KYLE DUGDALE (Critic, Yale School of Architecture)
Indoctrination. The very word seems to lend itself to being pronounced with a tone of contempt. It’s a pejorative, the naming of an act of pedagogical violence, an accusation of abuse at the hands of a conspiring regime. The victim is typically understood to be ignorant or helpless, unwitting or unwilling. After all, what student in his right mind would readily subject himself to indoctrination—let alone pay tuition? Is indoctrination not understood to be sharply distinguished from legitimate education by its despicable motives, its pernicious determination to inculcate ideas without leaving room for questions? Is indoctrination not the antithesis of critical thought?
And the indoctrination of architects? Not at Yale. For us, at least, it’s unconscionable. For them, on the other hand . . . maybe not. Indoctrination is, perhaps, precisely what they do. They tell you what to think and how to think. But here, at Yale School of Architecture, we don’t indoctrinate. We create space for exploration. We think things through for ourselves, and we think critically. As we insist in our Open House programs, “The School does not seek to impose any single design philosophy, but rather encourages in each student the development of discernment and an individual approach to design.” By way of guarantee, we wear our pluralism on our sleeve. This is our distinctive identity.
It all seems quite straightforward.
And yet the contemporary use of the word indoctrination has its critics. The public grows suspicious. More interesting than the entry for indoctrination on Wikipedia, that de facto bastion of popular instruction, is the “talk page” for that same entry, where, alongside raging arguments on science, religion, and politics, it is asserted that as a descriptor the term indoctrination is dysfunctional precisely because it merely registers disapproval of what is being taught. It is noted that we do not speak of indoctrinating our children to wash their hands, whether or not we are willing to entertain their doubts on the validity of the practice; we speak, rather, of teaching them. But those who teach their children to reject our politics, or, say, the capitalist or socialist ethos of our culture, as the case may be—it is they who are in the business of indoctrination. Such language is ultimately a tool for political defamation, as illustrated during the Cold War by accusations of indoctrination on all sides. More recent examples are at hand also. And again, parallels could be drawn to architecture.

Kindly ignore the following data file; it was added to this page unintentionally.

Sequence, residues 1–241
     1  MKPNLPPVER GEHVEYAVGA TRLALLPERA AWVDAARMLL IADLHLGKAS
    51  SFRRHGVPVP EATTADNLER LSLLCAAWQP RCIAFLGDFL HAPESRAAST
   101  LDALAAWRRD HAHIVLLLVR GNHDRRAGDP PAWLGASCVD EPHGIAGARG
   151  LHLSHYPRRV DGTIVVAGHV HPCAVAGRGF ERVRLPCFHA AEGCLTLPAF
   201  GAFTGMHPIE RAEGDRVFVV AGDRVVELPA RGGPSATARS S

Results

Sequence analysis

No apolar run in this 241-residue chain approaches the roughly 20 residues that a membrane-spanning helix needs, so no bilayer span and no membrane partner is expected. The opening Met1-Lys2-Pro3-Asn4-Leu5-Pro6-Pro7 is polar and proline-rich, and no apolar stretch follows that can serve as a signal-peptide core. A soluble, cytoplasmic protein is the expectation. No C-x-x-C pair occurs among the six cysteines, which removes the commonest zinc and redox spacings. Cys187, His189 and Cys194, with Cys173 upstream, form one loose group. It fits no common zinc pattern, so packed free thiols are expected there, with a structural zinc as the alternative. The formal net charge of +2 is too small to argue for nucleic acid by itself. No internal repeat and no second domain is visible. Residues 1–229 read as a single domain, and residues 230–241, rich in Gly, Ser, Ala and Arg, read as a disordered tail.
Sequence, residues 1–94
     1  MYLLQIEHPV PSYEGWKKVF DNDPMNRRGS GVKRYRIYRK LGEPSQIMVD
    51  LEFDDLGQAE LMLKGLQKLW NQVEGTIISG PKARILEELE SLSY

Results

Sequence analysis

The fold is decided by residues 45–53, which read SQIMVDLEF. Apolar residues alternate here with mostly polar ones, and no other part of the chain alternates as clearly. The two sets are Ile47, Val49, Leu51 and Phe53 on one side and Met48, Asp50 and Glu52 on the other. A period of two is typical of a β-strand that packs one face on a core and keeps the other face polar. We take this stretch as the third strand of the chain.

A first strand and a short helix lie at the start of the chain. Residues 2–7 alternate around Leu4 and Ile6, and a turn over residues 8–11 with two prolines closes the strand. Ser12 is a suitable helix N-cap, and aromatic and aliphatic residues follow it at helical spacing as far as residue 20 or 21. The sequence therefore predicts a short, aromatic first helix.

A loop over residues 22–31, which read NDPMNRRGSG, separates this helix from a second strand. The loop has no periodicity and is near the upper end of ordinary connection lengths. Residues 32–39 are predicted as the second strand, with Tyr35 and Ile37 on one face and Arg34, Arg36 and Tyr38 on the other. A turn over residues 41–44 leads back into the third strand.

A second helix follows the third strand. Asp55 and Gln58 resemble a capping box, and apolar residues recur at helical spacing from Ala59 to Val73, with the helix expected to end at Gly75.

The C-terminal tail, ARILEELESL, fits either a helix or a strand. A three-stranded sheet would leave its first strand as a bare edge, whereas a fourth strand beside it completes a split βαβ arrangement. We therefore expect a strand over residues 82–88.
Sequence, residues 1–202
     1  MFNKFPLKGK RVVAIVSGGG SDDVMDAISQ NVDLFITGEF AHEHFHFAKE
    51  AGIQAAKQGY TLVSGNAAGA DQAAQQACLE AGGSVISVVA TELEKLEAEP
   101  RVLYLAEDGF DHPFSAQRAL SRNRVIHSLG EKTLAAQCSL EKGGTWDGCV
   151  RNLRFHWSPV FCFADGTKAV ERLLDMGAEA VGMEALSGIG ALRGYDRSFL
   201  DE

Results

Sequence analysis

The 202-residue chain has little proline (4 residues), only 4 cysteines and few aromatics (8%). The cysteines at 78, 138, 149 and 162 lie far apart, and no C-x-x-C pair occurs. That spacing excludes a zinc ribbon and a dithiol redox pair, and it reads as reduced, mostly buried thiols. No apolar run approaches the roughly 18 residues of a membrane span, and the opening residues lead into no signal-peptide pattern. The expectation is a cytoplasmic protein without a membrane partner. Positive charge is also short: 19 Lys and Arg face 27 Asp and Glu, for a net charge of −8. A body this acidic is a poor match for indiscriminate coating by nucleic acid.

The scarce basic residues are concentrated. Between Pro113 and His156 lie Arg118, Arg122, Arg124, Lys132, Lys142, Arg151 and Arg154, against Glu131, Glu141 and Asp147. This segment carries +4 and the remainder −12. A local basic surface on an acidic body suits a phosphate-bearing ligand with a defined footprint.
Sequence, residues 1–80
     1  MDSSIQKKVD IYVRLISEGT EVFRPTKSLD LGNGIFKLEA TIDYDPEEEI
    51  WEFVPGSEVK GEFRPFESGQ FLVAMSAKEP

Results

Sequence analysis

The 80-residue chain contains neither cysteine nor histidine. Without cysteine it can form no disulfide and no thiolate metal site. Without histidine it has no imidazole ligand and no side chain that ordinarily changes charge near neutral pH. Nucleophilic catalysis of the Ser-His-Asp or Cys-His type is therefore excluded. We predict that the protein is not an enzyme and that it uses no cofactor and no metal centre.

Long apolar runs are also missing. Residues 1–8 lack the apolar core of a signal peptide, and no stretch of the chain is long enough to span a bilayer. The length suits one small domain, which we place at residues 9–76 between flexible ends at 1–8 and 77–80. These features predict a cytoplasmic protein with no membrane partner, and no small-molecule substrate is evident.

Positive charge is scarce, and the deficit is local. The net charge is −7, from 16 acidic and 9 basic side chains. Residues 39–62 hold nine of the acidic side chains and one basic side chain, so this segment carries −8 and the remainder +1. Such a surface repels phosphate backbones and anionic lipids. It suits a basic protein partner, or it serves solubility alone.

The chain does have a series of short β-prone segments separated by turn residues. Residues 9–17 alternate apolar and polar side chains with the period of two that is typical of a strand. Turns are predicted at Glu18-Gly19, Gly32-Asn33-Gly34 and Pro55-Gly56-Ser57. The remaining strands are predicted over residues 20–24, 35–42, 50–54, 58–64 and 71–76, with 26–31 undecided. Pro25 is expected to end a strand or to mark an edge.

Curiously, indoctrination is a word that has changed its meaning radically over a relatively short period of time. Indoctrination was once a good thing. Not only was it a good thing, it was a necessary thing. To indoctrinate was simply to imbue with doctrine, or learning. The Latin word doctrina is synonymous with teaching, and by extension, with learning—no more, no less. The Latin root is the word docere: to show, prove, or teach. Hence the medical doctor is one who is learned in medicine, and a PhD is the recipient of a doctorate more generally. I myself, on this count, have been indoctrinated by Yale. To put it more generally, any school worth its salt was once in the business of indoctrination. To fail to indoctrinate was an abdication of pedagogical responsibility.
This was as obviously true in architecture as in other disciplines. Accordingly, eighteenth- and nineteenth-century pedagogical texts speak readily not only of church doctrine, but also of the doctrine of projection, the doctrine of construction, the doctrine of proportion, the doctrine of aesthetics, the doctrine of light and shadow, the doctrine of acoustics, the doctrine of the orders, the doctrine of intercolumniation, the doctrine of the use of arches, and so forth. The vocabulary has been preserved in certain specific applications—thus Mario Carpo writes, in Architecture in the Age of Printing, not only of Tridentine doctrine, in its sixteenth-century articulation by the Roman Catholic Church, but also, extending the appeal to Rome, of Vitruvian doctrine—a doctrine today perhaps more honored in the breach than the observance.